A fundamental principle of science is that others should be able to reproduce and build on the findings reported in research publications. Sharing the materials, protocols and data that underlie these findings is a requirement of many funding agencies, including the National Science Foundation and National Institutes of Health in the United States, and the Wellcome Trust and Research Councils in the United Kingdom. It is also a long-standing policy of the Nature journals, including Nature Cell Biology. At the time of submission authors are required to provide information on reagents, methodology and experimental reporting, and to make the data that support the paper's conclusions available to editors and referees for the peer-review process. Moreover, publication in the Nature journals is conditional on authors making reagents, protocols, computational code and the minimal dataset underlying the findings available to readers without undue qualifications.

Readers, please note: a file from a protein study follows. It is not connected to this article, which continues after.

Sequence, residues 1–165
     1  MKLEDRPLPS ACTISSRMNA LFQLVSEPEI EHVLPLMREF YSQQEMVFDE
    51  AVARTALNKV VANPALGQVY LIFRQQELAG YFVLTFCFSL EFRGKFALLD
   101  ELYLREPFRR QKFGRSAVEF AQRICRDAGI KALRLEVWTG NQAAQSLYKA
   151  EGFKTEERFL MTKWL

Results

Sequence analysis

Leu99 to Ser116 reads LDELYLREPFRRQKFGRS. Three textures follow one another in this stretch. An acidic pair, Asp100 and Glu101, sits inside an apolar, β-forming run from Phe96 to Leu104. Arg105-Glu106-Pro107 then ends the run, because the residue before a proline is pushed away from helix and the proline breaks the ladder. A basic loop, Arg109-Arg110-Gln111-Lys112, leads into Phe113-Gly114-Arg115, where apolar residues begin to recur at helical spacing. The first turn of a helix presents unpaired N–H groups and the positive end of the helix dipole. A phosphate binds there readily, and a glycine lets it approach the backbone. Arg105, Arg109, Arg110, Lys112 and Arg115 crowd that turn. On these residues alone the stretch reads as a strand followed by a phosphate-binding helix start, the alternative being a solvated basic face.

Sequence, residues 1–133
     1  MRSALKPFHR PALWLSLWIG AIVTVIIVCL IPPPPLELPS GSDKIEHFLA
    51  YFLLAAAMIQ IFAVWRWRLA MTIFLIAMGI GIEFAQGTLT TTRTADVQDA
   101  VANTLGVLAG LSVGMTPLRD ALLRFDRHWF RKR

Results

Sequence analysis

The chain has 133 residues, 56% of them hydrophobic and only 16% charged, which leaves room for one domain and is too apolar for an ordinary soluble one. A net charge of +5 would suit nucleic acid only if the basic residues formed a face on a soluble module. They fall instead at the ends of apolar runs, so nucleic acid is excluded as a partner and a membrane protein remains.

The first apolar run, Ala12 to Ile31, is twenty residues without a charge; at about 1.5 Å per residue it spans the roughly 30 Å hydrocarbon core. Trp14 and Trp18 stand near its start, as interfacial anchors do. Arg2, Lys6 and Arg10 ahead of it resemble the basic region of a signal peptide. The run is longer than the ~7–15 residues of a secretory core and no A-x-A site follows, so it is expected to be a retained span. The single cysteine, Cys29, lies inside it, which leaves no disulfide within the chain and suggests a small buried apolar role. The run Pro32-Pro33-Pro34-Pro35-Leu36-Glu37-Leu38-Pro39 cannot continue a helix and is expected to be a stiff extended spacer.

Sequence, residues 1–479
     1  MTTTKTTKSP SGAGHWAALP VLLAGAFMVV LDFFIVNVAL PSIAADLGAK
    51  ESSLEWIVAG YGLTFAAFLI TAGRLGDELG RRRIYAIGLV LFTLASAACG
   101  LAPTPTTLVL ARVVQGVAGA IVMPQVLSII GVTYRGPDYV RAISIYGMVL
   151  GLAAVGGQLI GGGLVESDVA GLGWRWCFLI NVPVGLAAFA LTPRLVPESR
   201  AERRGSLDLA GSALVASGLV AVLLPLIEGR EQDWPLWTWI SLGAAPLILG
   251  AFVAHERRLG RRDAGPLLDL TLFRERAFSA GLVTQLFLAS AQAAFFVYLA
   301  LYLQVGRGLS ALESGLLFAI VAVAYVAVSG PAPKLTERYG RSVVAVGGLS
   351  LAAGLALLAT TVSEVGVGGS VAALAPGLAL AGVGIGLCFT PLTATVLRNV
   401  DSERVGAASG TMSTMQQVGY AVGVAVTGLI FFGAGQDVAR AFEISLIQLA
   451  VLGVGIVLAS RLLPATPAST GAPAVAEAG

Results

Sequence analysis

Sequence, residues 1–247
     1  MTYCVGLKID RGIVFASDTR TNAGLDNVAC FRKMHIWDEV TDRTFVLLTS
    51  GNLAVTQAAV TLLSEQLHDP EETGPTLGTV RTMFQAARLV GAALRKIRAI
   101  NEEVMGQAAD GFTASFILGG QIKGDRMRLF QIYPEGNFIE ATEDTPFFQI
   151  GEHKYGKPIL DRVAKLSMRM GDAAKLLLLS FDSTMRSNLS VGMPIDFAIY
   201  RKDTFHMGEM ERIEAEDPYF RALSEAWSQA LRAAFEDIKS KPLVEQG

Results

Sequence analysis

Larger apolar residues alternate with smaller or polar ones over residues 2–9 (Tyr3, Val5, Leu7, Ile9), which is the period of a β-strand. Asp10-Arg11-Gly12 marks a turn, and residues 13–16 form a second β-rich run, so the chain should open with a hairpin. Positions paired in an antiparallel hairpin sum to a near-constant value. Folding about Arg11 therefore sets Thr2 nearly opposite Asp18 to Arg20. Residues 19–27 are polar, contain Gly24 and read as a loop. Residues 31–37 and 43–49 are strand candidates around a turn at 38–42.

In principle, a paper's data could be provided in full in the main display items and supplementary information. However, given the complexity and multidisciplinary nature of the majority of Nature Cell Biology publications, this is very rare. For the typical Nature Cell Biology paper, the minimal dataset would include not only the data presented in the paper itself, but also the raw numerical data underlying graphical representations and quantitative assessments, the independent repeats of representative experiments that provide support for the reproducibility of the results, large-scale datasets generated for that particular study, and previously published datasets that have been reanalysed. In practice, some of these data would be present in the paper (in many cases including source data for graphs and independent repeats), however, large-scale datasets would be deposited in public databases with accession number details given in the Methods for both previously unpublished and publicly available datasets, and other pieces of data would be available directly from the authors. For data types such as microarrays, protein and nucleic acid sequences, DNA/RNA sequencing data, and macromolecular structures, deposition in discipline-specific, community-endorsed public repositories is mandatory for peer review and publication in Nature Cell Biology. We also strongly encourage deposition of other data types for which established public repositories exist, including proteomics and metabolomics. In the absence of data-type-specific repositories, data may be uploaded in generalist, unstructured repositories such as figshare and Dryad. Apart from ensuring that the policy for mandatory data deposition is followed, Nature Cell Biology editors reserve the right to request the public provision (for example, in the paper or through a repository) of any type of data deemed to be central to the paper's conclusions, or particularly important for the reproducibility of the findings and for transparency of experimental reporting.